The Oven Stays on This Winter

The best way to make your rising heating bills work for you is Two Timing!

Baked Acorn Squash with Mushroom Sauce

Okay, I know I got you all to sit up and take notice with that opener. Whoa! Two time? Not the Real Housewives kind or the intriguing kind in House of Cards. Okay, I just started watching the latter series and intrigue is only the starting point. I have just seen 3 episodes of Season 1, so DO NOT tell me what happens. I am hopping with excitement. I want to just do a marathon of all the episodes with popcorn and bottles of wine. But, well, today is Monday and work needs to get done {wan smile}. So, like a guilty pleasure I am doling out the episodes over the week with promises of longer romp next weekend IF I get ahead of the curve. :)

So, what does this have to do with today's post? Nothing, other than that due to this dish's abject simplicity, it took me 7 minutes flat to prep while the show carried on in the background. Into the oven and back I hopped onto the couch with a brimming glass to give the episode my full attention. Paused again to take it out and serve timing my finish plus a few truffles as dessert with the closing captions. That was 50 minutes of past paced political chess and being enamored by Mr. Spacey while I prepped, cooked, ate and felt sated, in so many ways!

Oh and the two timing? Well, having the oven on basically warms up your house so much that you can turn the actual heating down, way down. And, that lasts for a few hours until the oven cools down completely.

Bottom line, bake more in Winter. It is good for you, in so many ways...

Prep to Bake Acron Squash

So, let me tell you a bit about the dish itself. Acorn squashes are wonderful winter produce. They are of the pumpkin family, with more robustness both in body and ability to hold up to baking. They have a touch of sweetness in their flesh that accentuates as they ripen. Yes, they do ripen. They start a dense forest green on the skin and as they become more fruit, the skin turns a glorious orange just like Fall. It is a brilliant hue to witness in the middle of a grey, cloudy Winter, really. I personally prefer the more ripe squashes for two reasons. The flavor is a touch sweet and that sweetness caramelizes headily during the baking process. Besides, the squash is easier to work with at this stage. Raw squash can be pretty tough to cut through.

This late in the season, it is more often that I find perfect squashes for my preference. There are so many ways you can use them, from slicing and roasting them with a kiss of chili flakes for some heat or making purees to be used in risottos or the quintessential soup. Now, with the show running, I didn't have time to make multiple dishes or go through multiple steps as for soups. It simply had to be a oven to table meal, light but filling and hearty and not leaving me wanting a main.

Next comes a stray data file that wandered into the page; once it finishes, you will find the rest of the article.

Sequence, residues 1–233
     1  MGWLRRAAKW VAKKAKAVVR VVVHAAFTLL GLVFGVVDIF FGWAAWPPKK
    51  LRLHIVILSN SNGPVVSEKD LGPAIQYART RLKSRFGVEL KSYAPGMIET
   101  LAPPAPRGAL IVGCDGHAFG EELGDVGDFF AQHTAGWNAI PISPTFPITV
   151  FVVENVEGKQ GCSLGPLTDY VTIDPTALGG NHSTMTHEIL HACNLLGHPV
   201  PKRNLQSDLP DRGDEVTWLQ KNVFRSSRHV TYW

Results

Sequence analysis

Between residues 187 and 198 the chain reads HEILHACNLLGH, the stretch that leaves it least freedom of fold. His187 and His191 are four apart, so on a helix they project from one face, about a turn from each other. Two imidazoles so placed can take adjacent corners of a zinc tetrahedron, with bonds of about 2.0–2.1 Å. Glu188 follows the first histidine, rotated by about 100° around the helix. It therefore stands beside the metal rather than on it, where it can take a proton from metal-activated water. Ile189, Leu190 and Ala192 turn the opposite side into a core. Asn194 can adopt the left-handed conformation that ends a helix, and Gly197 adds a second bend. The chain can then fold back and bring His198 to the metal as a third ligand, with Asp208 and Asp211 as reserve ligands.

I had made this before for an impromptu dinner as a first course. And, I figured I would try it out as a full blown mail. It works beautifully as either. As an appetizer, it can be shared between four to six, depending on the size of the squash. For a main, it works very well with some fresh crusty soda bread or sourdough to soak up the rich earthy sauce.

Baking the mushrooms in the cream, infuses the cream with a wonderful earthy note as the mushrooms cook down. I used cremini because they looked best at the market. This dish will be absolutely fantastic with shitake or chanterelle.

Baking Acorn Squash
Acorn Squash Baked with Mushroom Cream

Other Squash recipes I think you should try -

The rich intensity of caramel,

Molasses Glazed Acorn Squash

Simple and elegant,

Roasted squash wedges with grapefruit and pomegranate

I love meals in a bake,

Quinoa stuffed acorn squash

Because it is Winter,

Acorn Squash and Sweet Potato Soup

And, for another something different,

Butternut squash cake

Baked Acorn Squash with Mushroom Cream


1 medium semi-ripe acorn squash

6-7 medium sized cremini mushrooms or other, sliced thin (take a handful and go with how much you need to fill the cavity)

1/4 cup of non-homgenized, non-ultra-pasteurized cream

touch of sriracha sauce

wedges of lime

1 tsp chopped parsley

salt and pepper to taste

Preheat oven to 375F (400F if using non-convection oven).

Slice the tip end of the squash just enough so the squash will balance on a sheet. Cut the squash in half horizontally. Scoop out the seeds. Place the halves on a baking dish.

Dust the insides with a little salt and pepper. Stuff the insides with mushrooms. Pack it in; they shrink fair amount while cooking.

Drizzle the sriracha on top and then pour in the cream. You may need more if you squashes are leaner in flesh. Ideally you want enough cream to come to the lip of each half. If you run out of cream, its ok, use what you have.

Cover the dish with foil and bake for 15 minutes. Remove the foil and bake for 10 minutes until the flesh is really tender and a fork goes through like through butter.

Remove from oven and rest the squash for a couple of minutes. Sprinkle parsley and serve halves in bowls with lime wedges and bread to soak up the sauce.

If making for a larger crowd or serving as a smaller portion, skip the bread, slice each half into thirds or less and divide the sauce into each plate.